FILM CANISTER ROCKET          

by

John Scavo


Objective:

     This activity is written for students of all ages. Students will become familiar with a chemical reaction of acids and bases.

Materials:

Strategy:

  1. Pour a tablespoon of water into a film can.
  2. Drop a 1/2 seltzer tablet into the water. Notice the fizz.
  3. Break up two seltzer tablets and place them into the soda bottle. 
  4. Pour 1/4 cup of water into the bottle and quickly put the opening of the balloon over the top of the bottle. Swish the contents of the bottle around several times and observe what happens to the balloon. The balloon should blow up.
  5. Pour another tablespoon of water into the film can and drop in another 1/2 seltzer tablet. 
  6. Snap on the lid of the film can, and stand back. The lid should come off with a pop. 
  7. Repeat step 5 + 6 using the baking soda and vinegar. Rap some baking soda in a piece of light paper to delay the reaction some so you can get the film can lid on.
  8. You may repeat steps 5 + 6 again, this time using a small piece of chalk and vinegar. This however may take some time, as the chalk dissolves very slowly. 
  9. Repeat steps 5 + 6 using any combination of fuel, the soda bottle and the cork on top. Do this one outside however, as the cork may come off with considerable force. Put the cork on snuggly. Cool! 
  10. The culminating event is to use the rocket template (click here for the template) to make a rocket out of a film canister. 
  11. Take the film canister and place it upside down.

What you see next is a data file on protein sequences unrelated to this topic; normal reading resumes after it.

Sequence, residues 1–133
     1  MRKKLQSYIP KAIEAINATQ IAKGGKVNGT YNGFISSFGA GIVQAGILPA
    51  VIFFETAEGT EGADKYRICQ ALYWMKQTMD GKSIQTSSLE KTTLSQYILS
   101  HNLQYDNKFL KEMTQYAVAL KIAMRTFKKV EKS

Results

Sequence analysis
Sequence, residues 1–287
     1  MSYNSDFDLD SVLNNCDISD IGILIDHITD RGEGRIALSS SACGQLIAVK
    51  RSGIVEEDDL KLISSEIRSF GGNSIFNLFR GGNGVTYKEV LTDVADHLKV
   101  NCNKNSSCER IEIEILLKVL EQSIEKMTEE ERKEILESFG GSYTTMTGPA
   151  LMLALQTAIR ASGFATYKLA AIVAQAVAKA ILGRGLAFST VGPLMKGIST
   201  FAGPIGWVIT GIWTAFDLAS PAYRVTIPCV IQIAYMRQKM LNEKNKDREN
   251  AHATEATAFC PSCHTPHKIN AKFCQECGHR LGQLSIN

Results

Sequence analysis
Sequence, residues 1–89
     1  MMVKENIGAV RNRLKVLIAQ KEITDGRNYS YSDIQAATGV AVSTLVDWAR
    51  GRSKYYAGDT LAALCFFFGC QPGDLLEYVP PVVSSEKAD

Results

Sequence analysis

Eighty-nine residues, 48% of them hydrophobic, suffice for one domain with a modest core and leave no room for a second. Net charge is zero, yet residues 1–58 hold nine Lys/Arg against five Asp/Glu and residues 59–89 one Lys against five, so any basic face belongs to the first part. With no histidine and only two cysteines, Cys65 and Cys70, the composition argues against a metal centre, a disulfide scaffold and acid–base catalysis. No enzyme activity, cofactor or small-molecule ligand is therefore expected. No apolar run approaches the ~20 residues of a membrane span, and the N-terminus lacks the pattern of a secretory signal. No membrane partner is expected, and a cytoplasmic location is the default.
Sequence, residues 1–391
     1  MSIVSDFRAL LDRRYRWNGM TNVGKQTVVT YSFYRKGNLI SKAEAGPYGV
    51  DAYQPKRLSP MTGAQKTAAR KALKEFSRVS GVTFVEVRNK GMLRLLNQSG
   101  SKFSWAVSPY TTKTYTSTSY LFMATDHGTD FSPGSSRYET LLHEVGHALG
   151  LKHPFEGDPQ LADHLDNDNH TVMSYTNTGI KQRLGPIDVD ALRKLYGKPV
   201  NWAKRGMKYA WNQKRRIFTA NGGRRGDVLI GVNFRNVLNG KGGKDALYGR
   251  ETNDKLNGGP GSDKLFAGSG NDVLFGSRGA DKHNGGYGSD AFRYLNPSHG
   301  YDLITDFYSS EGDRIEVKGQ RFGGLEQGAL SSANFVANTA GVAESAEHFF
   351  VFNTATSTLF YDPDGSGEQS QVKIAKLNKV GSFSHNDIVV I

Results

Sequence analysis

12. Take an 8 1/2 x 11 sheet of paper, and tape it to the film canister, leaving the lid portion about 1/4'' from the bottom of the paper. 
  13. Roll the paper around the film canister creating a fuselage. 
  14. Using the rocket template, cut off the corners, fold them at the perforated line, and tape them to the bottom of the rocket slightly above the film canister. These are your fins. Should have at least three. 
  15. Cut out the center circle from the template, and cut the slit that is marked to the center of the circle. Twist it around to make a cone for the tip of the rocket. Tape it on. With a little decorating, your rocket is now ready.
  16. Try the various fuels to propel your rocket, and record the results. If the paper on the rocket gets too wet, make another rocket, they are easy.

Wrap Up:

     When you added the seltzer tablets to water, a chemical reaction took place producing gas bubbles. You could hear the gas fizzing in both the open film can and the bottle. It was the gas from the seltzer that blew up the balloon and it was the pressure of this gas that popped the top of the film can.

What Happened?

     When a seltzer tablet dissolves in water, a chemical change takes place and carbon dioxide gas (CO2) is formed. Most seltzer tablets contain a base called sodium bicarbonate (baking soda) and dehydrated citric acid. When the tablet is place in contact with the water, the citric acid combines with the baking soda. Acids and bases undergo a chemical reaction when they mix, producing a gas and salt. In the closed container, the newly created gas has no place to go since the closed container is already full of air. This is like trying to add more air to a balloon that is already full. The pressure inside the container eventually escapes by blowing up the balloon, blowing out the cork, or blowing off the lid. This is the same thing that happens when you open a can of soda. You notice the fizz that it makes. The carbon dioxide rushes out, making a woosh sound.

Performance Assessment:

                                                                 

References:

http://www.sciencebob.com/experiments/filmrocket.html

http://www.discovery.com/stories/science/iss/iss.html


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